Are Patients Able to be Smart Shoppers While Also Optimizing their Health?
School of Pharmacy Associate Professor Neeraj Sood, who is also director of international programs at the Leonard D. Schaeffer Center for Health Policy and Economics, has been awarded a $927,059 grant from the NIH Common Fund to support research focusing on consumer directed health plans.
Specifically, Sood will estimate the long term effects of consumer-directed health plans on use of primary and secondary preventive services and the impact these plans have on consumer price shopping for preventive services. Typically, these plans are lower cost but come with higher deductibles for some services and are often paired with health savings accounts. Consumer-directed health plans have been on the rise over the past decade and today account for some 13% of all employer-sponsored health plans.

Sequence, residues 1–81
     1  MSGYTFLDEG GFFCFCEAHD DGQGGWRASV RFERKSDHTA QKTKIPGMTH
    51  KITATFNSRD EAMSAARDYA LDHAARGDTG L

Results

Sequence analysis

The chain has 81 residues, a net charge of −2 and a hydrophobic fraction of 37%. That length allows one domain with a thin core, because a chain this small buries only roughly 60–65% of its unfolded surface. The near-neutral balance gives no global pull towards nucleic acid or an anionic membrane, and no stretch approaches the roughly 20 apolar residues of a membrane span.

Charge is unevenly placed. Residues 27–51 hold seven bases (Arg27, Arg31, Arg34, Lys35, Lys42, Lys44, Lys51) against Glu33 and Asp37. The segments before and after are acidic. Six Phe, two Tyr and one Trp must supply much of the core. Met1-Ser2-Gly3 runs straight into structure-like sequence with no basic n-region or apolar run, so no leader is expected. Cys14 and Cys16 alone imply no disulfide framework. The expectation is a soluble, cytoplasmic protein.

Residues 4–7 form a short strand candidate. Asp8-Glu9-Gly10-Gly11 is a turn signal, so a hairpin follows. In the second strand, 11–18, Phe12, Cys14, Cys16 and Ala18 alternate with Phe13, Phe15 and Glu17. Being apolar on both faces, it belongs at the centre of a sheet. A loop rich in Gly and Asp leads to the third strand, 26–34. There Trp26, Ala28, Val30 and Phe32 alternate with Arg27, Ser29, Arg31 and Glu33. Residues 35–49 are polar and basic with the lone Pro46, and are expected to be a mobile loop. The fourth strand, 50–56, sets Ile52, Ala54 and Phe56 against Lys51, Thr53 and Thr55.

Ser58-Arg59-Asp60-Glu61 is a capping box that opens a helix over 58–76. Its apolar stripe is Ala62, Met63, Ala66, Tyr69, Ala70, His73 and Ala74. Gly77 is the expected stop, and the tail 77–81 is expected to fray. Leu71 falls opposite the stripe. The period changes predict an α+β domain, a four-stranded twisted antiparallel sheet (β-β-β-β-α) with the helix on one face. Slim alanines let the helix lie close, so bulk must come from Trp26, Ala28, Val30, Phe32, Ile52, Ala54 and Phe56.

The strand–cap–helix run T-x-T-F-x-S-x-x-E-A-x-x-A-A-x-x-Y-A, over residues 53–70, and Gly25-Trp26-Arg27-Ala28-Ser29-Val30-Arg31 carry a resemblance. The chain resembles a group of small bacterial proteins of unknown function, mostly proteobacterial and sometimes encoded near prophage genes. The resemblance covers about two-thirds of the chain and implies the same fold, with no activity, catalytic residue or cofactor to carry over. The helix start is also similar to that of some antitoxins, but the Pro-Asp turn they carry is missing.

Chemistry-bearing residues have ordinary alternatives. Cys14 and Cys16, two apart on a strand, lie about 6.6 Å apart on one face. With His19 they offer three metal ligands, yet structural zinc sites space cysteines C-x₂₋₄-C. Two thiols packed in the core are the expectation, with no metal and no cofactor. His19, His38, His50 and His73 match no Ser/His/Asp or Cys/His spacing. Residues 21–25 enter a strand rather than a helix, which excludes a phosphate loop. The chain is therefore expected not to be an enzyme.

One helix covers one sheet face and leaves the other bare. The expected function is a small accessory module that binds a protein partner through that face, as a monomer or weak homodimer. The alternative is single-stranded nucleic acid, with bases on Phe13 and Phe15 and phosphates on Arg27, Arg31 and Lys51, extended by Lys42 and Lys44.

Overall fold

Incentives are shifted in these plans with patients substantially more motivated to approach them as shoppers, not just patients. While these plans offer complete coverage for some primary preventive services, such as cancer screenings and cholesterol testing, they require the patient to fully cover secondary preventive measures, such as medications for diabetes, until the deductible, which is usually high, is met.
“As far as we know, this project would be the first to comprehensively estimate the long term effects of consumer-directed health plans on use of preventive services,” said Sood. “We’ll look at whether these lead to greater price ‘price-shopping’ for preventive services and whether they prevent patients from getting the care they need.”
Findings from this project will provide data to policy makers and insurers on health plan designs that keep costs down while optimizing health outcomes.